Inaugural global youth development index identifies sub-Saharan region as worst in world for young people on health, education and employment
Kenya has made the greatest strides in improving the conditions of young people over the past five years, according to a new index of global youth development.
Together with four other sub-Saharan countries – South Africa, Niger, Togo and Malawi – Kenya made the largest gains globally across a range of criteria, from health to political participation. However, sub-Saharan Africa still trailed all other regions in the global youth development index, produced by the Commonwealth and covering 183 countries.
Young people in Pakistan, Angola and Haiti experienced the greatest decline in conditions over the past five years according to the list, which is based on the UN’s human development index but focuses exclusively on people aged 15 to 29.
The index, published at a time when the number of young people in the world stands at an unprecedented 1.8 billion – nearly 87% of whom live in poor countries – gives civic and political participation equal weighting with health, education and employment.
Designed to fill a gap in global development studies, the list offers a message of optimism as well as a warning. A “youth bulge” in poor countries presents an opportunity, in the form of potential socio-economic gains from labour and savings, but there is also a risk of missed opportunities.
“A failure to capitalise on this ‘demographic dividend’ … could bring untold misery to families, communities and entire countries as the youth cohort instead becomes disenfranchised and disillusioned,” said the compilers of the index, who warn that many countries have limited time to make the most of the youth bulge.
The 10 countries with the lowest youth development scores were all in sub-Saharan Africa, which the UN has identified as the only global region that will have a more youthful population in 2050 than it does today.
But while falling youth mortality rates have been key to sub-Saharan Africa making a 12% improvement on health and wellbeing – worldwide, the greatest improvement in those areas – the region continues to trail significantly. It scored below the global average in four of the five areas covered by the index, but was a fraction above the global average on political participation.
Hopes that the region’s youth might drive future economic growth are likely to be further dampened by the revelation that they fared much worse than others over the course of the global financial crisis. A deterioration in the youth-to-adult unemployment ratio worldwide had a disproportionate impact on sub-Saharan Africa.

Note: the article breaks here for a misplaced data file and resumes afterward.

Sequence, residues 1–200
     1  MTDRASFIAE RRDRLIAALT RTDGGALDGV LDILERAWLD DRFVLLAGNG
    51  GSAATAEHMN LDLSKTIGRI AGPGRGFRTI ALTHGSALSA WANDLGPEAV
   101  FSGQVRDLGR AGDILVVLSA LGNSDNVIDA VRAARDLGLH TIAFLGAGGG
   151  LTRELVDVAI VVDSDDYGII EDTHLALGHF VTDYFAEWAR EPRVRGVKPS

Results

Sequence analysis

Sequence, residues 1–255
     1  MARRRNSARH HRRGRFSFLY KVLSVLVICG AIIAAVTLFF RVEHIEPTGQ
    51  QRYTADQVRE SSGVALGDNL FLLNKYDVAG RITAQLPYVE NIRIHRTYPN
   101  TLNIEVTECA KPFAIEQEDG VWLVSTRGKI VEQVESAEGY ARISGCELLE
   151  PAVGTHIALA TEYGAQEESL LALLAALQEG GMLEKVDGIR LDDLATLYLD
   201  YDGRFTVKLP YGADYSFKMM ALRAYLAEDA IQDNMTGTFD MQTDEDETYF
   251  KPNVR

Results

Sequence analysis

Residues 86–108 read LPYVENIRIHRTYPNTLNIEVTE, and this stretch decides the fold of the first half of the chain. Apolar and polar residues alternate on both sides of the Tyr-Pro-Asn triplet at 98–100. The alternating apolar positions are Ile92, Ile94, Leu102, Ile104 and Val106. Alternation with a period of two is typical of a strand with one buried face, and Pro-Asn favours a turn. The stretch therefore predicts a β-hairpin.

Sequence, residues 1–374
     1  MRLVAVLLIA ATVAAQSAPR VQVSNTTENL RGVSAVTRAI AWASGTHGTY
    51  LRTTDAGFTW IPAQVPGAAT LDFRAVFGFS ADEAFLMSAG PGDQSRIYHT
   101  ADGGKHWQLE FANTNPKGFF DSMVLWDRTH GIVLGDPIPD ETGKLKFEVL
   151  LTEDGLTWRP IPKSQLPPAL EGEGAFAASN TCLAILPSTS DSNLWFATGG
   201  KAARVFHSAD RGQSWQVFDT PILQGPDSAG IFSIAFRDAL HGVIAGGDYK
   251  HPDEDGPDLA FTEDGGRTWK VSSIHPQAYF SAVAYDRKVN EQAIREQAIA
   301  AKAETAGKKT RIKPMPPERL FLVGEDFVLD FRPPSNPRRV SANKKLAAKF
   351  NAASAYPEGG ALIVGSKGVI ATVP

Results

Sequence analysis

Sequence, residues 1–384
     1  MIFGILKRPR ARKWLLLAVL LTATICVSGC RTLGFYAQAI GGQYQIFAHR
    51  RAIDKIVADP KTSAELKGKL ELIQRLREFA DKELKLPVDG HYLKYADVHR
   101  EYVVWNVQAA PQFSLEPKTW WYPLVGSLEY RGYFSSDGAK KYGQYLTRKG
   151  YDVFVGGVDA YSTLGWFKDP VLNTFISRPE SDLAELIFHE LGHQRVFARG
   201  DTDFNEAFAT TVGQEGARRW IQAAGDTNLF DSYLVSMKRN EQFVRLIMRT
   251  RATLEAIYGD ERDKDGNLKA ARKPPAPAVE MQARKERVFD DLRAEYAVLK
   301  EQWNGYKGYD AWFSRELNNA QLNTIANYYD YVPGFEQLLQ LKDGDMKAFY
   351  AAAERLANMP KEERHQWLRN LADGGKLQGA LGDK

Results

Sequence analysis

At the other end of the scale, Germany ranked top for youth development, followed by Denmark, Australia, Switzerland and the UK. The only country in the top 30 that was not a high-income economy was Costa Rica, which scored particularly well then it came to health and wellbeing and political participation.
The Middle East was the only region to show a decline in political participation in the period between 2010 and 2015, despite the Arab spring. However, the region performed particularly strongly in areas such as health.
Israel was ranked highest in the Middle East for health and wellbeing, while Bahrain, Kuwait and Saudi Arabia – none of which are democracies – also scored very highly overall.
Russia and Eurasia made the worst progress in youth development between 2010 and 2015, although what was described as an “impressive” rate of improvement in Kazakhstan was linked to a reduction in mental health rates and improvements in youth policy.
Joseph Muscat, prime minister of Malta and chair-in-office of the Commonwealth, said youth development could be achieved, even in low-income countries, by providing quality education and training.
“Health and wellbeing are also factors that weigh heavily in youth development, and world leaders need to focus more on promoting mental and sexual health, as well as education and nutrition,” said Muscat.
Deep inequalities in youth development persist in many countries, the report warned. The largest gaps were identified in education and health and wellbeing.
For example, the proportion of youth infected with HIV was, on average, eight times higher in countries with low index scores than countries that scored highly, such as European states where the issue has become less of a priority in recent times. Youth mortality rates were on average five times higher in countries that performed poorly in the index than in those that came very high.
Young women continued to make up the overwhelming majority of illiterate youth in the world. Female literacy rates among young women were as low as 15% in some countries, while the lowest male literacy rate was 35%. However, the report identified concerns about data limitations that made it difficult to disaggregate statistics by gender.